What a surprise. I thought for sure that The Push would have been my number one album of the year. Then my friend Kaleen told me about a new project involving M.Ward and Zooey Deschanel. I'd enjoyed M.Ward's music before but had no idea that the Almost Famous actress could sing. She can. The combination of these two musicans kicked my ass in a major way. I think it was the surprise that slid this album to the top of the list. I knew I'd love The Push but to get this much happiness from a group I'd never heard of makes me look forward to the future of music.

Here's a link to a mix I made. There's one song form each album in this folder. Support these artists. Buy their CDs. You won't regret it. If you'd like to tell me your Top 10 albums/artists of 2008, I'd really appreciate it.

Monday, December 8, 2008

We're not worthy! We're not worthy!

Stop what you're doing, even if it's reading my blog, and go to DVD Panache.


...what the hell happened?
Time has not been kind.

Gringo's Top 20 Film Actresses

Nathaniel tagged me for the new Top 20 Actresses meme that's been blazing through the blog-o-sphere. Here's the original post. Above are my Top 20 favorite actresses. I'm in a bit of a nostalgic mood today so don't be too surprised when you see some of my yesteryear loves. They're in no particular order (as ruled by Mr. Film Experience) and I made up a collage (as ruled by Mr. Film Experience) and I hope you all enjoy.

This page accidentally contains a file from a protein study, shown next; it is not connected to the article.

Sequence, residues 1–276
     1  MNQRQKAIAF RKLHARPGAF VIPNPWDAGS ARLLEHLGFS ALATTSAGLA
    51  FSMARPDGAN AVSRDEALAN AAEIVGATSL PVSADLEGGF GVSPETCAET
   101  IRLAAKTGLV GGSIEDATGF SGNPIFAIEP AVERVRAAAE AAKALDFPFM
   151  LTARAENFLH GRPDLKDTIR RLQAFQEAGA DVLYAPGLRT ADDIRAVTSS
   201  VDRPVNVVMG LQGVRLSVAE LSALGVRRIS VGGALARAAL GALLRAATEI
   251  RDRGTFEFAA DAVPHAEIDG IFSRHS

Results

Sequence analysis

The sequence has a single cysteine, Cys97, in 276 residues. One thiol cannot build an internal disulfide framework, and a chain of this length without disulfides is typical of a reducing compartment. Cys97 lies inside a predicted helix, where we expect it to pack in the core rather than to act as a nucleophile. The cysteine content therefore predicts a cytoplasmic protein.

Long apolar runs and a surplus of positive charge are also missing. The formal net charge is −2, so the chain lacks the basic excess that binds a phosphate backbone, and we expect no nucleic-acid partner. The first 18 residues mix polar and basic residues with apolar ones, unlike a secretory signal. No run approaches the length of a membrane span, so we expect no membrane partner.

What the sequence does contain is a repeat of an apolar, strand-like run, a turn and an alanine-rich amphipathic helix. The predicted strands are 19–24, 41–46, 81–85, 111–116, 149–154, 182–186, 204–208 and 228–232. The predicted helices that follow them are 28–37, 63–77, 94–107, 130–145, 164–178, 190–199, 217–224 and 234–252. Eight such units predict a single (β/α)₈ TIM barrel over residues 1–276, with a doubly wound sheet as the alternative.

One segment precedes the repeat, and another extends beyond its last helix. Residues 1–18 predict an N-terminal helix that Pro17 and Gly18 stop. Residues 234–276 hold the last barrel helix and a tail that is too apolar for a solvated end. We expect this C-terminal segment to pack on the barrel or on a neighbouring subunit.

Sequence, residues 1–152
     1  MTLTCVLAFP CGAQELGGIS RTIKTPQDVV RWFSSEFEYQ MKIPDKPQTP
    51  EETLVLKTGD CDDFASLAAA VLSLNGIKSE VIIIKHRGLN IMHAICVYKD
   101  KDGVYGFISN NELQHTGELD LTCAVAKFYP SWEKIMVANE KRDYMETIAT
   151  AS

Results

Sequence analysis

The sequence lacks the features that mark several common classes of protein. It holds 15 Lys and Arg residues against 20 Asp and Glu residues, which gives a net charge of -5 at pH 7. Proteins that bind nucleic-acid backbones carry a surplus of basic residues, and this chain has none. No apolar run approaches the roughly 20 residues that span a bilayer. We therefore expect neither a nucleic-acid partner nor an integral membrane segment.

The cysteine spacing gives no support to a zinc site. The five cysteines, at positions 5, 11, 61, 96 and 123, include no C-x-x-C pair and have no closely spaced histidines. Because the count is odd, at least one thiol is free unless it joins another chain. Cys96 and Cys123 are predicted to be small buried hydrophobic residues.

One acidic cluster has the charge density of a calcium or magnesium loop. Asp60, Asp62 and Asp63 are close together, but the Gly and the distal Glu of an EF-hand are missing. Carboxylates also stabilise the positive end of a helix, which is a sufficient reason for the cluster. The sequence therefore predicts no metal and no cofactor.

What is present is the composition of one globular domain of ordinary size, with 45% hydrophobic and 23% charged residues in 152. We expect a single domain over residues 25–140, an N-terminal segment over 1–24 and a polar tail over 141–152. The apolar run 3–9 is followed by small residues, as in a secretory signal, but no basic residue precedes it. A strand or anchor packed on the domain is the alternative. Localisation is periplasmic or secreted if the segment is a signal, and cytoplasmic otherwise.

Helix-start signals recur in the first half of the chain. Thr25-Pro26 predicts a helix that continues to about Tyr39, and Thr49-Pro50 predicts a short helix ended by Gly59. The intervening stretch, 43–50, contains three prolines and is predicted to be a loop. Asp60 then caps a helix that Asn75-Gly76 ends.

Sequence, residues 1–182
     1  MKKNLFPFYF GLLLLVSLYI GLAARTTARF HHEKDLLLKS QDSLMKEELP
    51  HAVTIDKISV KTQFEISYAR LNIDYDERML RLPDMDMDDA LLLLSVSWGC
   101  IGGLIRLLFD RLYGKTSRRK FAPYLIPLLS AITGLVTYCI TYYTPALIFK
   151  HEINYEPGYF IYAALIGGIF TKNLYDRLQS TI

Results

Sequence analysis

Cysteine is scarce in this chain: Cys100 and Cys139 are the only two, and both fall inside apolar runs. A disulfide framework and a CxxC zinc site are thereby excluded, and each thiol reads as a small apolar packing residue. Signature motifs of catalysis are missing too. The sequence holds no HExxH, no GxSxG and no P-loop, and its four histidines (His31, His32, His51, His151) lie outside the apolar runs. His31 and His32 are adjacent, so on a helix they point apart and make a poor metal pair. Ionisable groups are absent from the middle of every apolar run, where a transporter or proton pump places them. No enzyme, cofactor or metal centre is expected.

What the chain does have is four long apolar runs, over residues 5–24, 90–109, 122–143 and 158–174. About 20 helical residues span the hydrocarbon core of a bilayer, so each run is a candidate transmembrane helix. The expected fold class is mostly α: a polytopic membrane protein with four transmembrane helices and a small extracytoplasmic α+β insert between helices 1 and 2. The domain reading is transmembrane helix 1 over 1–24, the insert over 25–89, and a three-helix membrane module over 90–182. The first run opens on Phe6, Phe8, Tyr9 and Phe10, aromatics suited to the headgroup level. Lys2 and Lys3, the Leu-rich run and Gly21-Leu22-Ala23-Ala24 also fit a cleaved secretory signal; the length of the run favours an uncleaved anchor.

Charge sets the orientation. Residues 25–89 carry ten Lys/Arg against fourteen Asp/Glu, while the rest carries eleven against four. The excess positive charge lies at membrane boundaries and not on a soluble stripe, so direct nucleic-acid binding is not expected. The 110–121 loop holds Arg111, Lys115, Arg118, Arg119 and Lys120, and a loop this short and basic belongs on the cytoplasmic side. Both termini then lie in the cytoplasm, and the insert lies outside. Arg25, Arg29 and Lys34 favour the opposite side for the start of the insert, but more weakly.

I'm going tag other people now. Here we go:
Whitney at Dear Jesus
Caitlin at 1,416 and Counting
The Mad Hatter at Dark Side of the Matinee
Daniel G. at Getafilm
Fox at Tractor Facts
Christopher at From the Mind of Fotog Ink

Sunday, December 7, 2008

I was going to let this slide...

but it's been nagging at me for months now.

Here's a vlog of Diddy talking out of his ass.

Why is he talking out of his ass?

A lot of people may have never heard of this movie. Those who have heard of it may never have seen it. Those who have seen it might dismiss the film as a "bad movie" or a "B picture" but, just like so much of Robert Townsend's work, Meteor Man deserves much more credit than it's received.

Thursday, December 4, 2008

A Visual Essay: Which Two Things Don't Belong?